SpaceX puts up 60 internet satellites

A Falcon-9 rocket launched from Cape Canaveral in Florida late on Thursday, packed with 60 satellites capable of giving users on the ground high-speed connections to the internet.

Entrepreneur Elon Musk's firm aims eventually to loft nearly 12,000 spacecraft for its "Starlink" network.

SpaceX is one of several commercial outfits with permission to fly an internet mega-constellation.

Others include the UK-based start-up OneWeb, which began its roll-out in February with six operational spacecraft.

Online retailer Amazon also has ambitions in this market. It's working on a 3,200-satellite proposal known as Project Kuiper.

All the concepts envisage flying spacecraft in a low-Earth orbit less than 2,000km above the planet. This will minimise the delay, or latency, in the internet connections.

The Falcon lifted off from Space Launch Complex 40 (SLC-40) at Cape Canaveral Air Force Station at 22:30 local time (02:30 GMT, Friday).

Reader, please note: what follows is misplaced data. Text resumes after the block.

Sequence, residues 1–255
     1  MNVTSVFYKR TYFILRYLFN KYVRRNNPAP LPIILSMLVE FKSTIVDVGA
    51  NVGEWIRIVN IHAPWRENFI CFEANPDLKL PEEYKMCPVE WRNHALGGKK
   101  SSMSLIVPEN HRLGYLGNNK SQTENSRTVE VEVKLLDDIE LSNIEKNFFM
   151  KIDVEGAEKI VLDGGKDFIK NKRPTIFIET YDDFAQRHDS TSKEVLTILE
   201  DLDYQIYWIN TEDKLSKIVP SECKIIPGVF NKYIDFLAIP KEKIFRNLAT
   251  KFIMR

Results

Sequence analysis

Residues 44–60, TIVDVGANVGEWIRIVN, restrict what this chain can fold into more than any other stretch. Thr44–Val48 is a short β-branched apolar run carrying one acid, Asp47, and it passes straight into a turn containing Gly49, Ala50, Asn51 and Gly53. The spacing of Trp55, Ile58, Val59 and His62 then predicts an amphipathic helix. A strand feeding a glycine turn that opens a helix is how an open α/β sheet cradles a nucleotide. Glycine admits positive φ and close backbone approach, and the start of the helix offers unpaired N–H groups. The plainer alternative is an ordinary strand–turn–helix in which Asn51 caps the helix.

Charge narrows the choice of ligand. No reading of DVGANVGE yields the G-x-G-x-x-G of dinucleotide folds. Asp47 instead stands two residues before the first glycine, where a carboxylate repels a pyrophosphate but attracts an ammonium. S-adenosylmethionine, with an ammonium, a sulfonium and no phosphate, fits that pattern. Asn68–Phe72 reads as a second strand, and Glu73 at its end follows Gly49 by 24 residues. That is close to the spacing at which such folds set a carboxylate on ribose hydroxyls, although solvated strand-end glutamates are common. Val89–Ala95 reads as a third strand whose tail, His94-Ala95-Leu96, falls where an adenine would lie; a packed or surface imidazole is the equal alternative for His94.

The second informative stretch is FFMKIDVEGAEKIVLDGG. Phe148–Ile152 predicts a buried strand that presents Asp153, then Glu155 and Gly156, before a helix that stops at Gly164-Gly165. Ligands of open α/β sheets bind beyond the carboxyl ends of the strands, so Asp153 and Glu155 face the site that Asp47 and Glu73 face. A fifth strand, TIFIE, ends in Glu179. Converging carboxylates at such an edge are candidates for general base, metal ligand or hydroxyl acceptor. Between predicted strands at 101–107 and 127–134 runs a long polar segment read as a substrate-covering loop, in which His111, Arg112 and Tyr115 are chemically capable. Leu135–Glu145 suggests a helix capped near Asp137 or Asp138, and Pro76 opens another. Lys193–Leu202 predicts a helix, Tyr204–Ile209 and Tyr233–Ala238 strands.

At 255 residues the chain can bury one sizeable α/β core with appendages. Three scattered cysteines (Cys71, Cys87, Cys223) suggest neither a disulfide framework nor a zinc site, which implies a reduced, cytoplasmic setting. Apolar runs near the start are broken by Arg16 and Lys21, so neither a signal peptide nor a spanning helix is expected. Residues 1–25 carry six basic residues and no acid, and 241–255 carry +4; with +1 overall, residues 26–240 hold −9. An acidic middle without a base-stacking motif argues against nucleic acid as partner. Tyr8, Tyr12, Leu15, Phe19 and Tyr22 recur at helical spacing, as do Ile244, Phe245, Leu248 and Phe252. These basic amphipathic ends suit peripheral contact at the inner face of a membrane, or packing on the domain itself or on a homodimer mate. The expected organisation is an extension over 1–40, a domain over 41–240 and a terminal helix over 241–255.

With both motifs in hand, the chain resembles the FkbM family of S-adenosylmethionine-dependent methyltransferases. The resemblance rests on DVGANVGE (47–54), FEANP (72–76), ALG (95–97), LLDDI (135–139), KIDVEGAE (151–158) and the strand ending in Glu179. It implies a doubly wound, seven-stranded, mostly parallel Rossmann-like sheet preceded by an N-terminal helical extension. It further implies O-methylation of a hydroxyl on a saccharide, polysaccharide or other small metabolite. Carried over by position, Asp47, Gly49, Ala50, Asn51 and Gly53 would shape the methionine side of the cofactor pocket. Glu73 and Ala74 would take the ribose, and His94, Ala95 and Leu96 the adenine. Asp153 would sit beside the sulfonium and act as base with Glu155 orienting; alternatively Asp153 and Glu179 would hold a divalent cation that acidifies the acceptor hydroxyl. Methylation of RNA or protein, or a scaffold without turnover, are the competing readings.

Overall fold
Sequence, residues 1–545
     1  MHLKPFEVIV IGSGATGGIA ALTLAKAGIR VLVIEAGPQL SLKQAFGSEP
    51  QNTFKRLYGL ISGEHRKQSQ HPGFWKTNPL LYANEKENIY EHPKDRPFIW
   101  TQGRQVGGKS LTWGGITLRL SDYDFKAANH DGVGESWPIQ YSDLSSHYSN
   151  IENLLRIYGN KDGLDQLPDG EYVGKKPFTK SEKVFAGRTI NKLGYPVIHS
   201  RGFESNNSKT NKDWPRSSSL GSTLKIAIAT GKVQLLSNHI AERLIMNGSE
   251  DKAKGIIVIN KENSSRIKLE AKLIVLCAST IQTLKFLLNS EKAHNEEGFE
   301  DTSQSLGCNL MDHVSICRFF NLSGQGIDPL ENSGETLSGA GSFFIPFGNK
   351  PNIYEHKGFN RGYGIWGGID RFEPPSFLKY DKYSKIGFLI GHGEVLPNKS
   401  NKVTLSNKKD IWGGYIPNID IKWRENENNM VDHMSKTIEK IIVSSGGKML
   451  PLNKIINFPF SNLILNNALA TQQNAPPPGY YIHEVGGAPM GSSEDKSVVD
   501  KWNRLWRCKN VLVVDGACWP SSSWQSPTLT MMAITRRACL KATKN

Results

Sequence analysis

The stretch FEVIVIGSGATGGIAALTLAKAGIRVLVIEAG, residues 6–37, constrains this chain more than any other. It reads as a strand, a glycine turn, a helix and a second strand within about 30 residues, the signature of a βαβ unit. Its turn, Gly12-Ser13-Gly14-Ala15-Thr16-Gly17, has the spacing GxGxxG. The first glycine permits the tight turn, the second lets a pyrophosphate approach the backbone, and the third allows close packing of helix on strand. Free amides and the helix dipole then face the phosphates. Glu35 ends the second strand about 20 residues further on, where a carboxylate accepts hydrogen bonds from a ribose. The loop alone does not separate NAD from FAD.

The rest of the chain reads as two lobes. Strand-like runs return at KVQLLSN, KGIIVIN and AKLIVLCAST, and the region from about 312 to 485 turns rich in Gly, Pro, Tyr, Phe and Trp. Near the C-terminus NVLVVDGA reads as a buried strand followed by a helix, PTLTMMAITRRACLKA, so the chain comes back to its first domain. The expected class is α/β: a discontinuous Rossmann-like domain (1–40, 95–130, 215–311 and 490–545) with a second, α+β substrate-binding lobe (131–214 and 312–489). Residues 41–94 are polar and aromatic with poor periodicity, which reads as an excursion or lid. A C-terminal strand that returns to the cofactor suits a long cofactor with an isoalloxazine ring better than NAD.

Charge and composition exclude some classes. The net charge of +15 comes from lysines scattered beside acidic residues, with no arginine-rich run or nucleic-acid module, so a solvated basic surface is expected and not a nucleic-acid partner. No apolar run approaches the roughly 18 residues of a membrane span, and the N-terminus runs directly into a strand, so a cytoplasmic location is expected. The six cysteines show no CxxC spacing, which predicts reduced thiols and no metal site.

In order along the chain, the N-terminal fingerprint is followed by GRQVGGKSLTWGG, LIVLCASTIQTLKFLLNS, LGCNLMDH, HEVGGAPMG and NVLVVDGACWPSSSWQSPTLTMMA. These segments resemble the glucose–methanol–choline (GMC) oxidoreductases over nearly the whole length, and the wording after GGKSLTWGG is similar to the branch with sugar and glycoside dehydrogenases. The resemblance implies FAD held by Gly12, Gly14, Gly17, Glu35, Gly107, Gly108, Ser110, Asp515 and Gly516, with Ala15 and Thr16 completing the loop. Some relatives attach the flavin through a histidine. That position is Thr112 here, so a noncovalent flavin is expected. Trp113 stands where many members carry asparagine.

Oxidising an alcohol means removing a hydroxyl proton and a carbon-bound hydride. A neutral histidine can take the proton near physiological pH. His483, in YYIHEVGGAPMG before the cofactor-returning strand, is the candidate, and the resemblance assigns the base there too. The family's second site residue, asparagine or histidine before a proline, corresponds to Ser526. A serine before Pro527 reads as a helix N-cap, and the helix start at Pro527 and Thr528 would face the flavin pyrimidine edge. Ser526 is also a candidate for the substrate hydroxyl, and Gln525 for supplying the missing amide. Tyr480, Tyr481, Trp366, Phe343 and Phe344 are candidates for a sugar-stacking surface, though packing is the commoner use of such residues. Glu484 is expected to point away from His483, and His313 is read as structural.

Deployment of the Starlink satellites was successfully completed just over an hour into the flight, SpaceX announced.

SpaceX has kept secret much of the development activity on its multi-billion-dollar broadband plan.

Each satellite weighs 227kg, has multiple high-throughput antennas and a single solar array, the SpaceX CEO explained in a briefing last week.

The platforms are also equipped with electric propulsion - a system that expels electrically charged atoms of krypton to provide thrust.

The engine is needed to lift a Starlink from its drop-off altitude of 440km to its operational height of 550km.

The propulsion system will also act to maintain the satellite's correct position in the sky, and to bring it down at the end of its service life.

Mr Musk said the newly launched Starlinks were an iterative design and later platforms would have a higher specification, featuring for example inter-satellite links.

It was "one of the hardest engineering projects I've ever seen done," he said, and cautioned that much could go wrong in the early phases of the roll-out.

Sources: BBC news